Unsolicited advertising emails: Google attacked before Cnil

Unsolicited advertising emails: Google attacked before Cnil

Gmail is sending unsolicited commercial emails to its users, which is prohibited by a European directive, according to the Nope Association, which has filed a complaint with Cnil.

Noyb, an association to protect the privacy of Internet users founded by activist Max Schrems, has filed a complaint against Google before the CNIL (National Commission for Computing and Liberties). According to him, Google is violating the European e-Privacy Directive, which prohibits sending unsolicited advertisements via email.

In fact, according to this regulation, Internet users must only receive promotional emails from a company that has expressed their consent (opt-in). However, Google will send promotional emails to Gmail users on behalf of customers. “The tech giant repeatedly ignored the European Court of Justice’s (ECJ) ruling on direct marketing emails and used its Gmail messaging platform to send unsolicited promotional emails without proper consent. Users”, Noib mentions.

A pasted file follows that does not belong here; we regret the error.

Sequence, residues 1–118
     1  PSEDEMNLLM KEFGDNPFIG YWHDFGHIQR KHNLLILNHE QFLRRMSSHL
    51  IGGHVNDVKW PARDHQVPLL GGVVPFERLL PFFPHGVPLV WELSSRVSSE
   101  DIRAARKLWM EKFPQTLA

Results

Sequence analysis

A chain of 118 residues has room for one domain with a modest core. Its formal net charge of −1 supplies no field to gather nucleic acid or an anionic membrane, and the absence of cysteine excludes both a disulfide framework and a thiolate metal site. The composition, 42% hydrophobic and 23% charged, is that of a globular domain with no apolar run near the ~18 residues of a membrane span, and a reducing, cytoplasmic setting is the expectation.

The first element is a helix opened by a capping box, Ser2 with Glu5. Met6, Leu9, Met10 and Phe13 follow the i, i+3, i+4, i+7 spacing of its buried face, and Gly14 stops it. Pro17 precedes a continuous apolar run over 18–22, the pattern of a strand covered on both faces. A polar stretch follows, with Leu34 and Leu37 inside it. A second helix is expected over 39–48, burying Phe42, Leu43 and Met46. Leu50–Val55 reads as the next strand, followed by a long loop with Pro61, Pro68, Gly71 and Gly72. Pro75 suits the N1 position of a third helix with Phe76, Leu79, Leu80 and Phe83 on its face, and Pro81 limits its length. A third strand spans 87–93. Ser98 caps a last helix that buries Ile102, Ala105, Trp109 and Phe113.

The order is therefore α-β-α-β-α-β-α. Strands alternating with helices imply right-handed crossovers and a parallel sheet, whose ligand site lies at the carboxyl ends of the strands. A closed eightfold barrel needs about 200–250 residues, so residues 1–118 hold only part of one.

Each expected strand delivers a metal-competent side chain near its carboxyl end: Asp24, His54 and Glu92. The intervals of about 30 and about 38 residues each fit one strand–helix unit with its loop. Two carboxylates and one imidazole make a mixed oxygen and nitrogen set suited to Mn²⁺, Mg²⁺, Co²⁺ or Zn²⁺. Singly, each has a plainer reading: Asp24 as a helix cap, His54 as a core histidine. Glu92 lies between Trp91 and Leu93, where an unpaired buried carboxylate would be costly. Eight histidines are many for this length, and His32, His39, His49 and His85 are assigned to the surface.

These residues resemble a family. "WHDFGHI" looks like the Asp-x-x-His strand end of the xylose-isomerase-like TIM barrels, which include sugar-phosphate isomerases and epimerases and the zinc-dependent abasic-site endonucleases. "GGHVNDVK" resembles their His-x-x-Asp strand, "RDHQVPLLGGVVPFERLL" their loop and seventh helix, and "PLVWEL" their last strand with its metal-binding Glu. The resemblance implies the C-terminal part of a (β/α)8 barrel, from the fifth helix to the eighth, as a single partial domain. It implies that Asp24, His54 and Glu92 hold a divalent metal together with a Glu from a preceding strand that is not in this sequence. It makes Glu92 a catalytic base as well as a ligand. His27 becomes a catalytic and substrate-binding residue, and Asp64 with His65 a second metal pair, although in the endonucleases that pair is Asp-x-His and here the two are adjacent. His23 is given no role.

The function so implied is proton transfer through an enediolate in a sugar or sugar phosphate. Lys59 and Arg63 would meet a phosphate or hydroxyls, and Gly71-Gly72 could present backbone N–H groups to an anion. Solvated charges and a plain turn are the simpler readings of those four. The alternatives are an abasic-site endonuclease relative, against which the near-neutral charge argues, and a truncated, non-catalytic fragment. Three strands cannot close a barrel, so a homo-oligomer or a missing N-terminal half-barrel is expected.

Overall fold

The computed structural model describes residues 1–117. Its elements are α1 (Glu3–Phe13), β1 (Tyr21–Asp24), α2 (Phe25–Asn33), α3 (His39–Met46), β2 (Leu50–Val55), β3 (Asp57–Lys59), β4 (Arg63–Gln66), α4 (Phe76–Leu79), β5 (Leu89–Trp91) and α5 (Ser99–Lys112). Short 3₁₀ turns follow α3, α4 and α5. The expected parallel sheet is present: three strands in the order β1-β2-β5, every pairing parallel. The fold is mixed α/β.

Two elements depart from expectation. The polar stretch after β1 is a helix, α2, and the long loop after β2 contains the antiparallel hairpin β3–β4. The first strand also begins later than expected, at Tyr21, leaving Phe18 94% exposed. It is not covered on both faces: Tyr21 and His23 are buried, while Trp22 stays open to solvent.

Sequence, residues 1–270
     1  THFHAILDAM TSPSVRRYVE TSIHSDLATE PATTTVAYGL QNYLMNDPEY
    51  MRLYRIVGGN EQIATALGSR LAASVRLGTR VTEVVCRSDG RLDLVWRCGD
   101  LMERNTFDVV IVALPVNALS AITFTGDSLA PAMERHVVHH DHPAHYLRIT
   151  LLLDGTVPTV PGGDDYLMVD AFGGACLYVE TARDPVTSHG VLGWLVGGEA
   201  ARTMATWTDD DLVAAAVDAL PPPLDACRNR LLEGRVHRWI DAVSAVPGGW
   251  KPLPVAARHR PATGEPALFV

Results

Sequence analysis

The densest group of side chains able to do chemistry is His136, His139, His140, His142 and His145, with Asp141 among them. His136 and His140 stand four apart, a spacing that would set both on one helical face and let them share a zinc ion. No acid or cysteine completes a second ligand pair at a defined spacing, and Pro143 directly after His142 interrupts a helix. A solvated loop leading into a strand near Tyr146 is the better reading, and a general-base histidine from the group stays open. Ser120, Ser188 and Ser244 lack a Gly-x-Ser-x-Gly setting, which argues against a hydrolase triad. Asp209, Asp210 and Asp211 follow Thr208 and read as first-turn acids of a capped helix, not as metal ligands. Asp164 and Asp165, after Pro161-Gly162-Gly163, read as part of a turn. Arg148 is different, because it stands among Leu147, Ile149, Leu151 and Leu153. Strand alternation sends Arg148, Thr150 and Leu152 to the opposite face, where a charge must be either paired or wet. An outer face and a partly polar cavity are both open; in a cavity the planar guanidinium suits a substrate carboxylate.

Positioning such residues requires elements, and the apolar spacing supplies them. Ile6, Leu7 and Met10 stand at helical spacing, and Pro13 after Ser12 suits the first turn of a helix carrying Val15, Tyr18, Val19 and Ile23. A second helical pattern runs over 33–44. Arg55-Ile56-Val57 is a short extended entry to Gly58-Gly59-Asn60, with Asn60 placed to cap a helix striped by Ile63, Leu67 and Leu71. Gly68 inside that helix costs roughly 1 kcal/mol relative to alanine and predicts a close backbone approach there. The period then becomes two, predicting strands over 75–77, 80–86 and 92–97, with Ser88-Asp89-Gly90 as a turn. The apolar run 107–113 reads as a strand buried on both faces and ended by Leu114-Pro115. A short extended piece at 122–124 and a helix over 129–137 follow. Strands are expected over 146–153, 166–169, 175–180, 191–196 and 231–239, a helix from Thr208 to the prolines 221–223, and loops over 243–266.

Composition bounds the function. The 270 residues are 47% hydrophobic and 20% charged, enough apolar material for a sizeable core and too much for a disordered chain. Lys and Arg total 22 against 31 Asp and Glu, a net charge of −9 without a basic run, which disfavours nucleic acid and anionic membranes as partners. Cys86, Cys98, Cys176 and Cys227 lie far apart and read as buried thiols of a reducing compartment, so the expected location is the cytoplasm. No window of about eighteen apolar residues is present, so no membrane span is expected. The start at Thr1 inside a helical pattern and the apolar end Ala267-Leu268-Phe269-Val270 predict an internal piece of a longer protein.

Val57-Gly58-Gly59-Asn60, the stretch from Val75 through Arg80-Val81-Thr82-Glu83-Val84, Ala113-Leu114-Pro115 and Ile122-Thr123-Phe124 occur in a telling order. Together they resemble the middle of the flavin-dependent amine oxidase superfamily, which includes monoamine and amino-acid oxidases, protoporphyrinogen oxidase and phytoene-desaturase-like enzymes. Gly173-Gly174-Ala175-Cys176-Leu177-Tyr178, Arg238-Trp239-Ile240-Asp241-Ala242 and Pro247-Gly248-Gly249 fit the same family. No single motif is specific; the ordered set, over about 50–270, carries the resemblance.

He even goes so far as to speak ill.”Spam“, a phenomenon that Gmail generally seeks to combat. “While Gmail successfully filters most external spam messages into a separate spam folder, unsolicited spam messages from Google are sent directly to the user’s inbox. The user subscribes to such emails or services, and no consent is actually obtained from the user.”Criticizes the association.

When asked, the US company declined to comment on the new complaint targeting it.

Noyb has already condemned Google

This is not the first time that Noyb has tried to condemn Google. Through La Quadrature du Net, the association took the form of a complaint to Cnil targeting Android users regarding the lack of information regarding the use of their personal data by the operating system. At the end of the procedure, the CNIL fined Google 50 million euros.

Max Schrems, for his part, is known for canceling data transfer agreements between Europe and the US – twice – because of the dangers of data interception and exploitation of European citizens after crossing the US border. Last March, European Commission President Ursula van der Leyen and US President Joe Biden reached an agreement to regulate these data exchanges. The new regulations, if all goes according to plan, should be in place by the end of the year.

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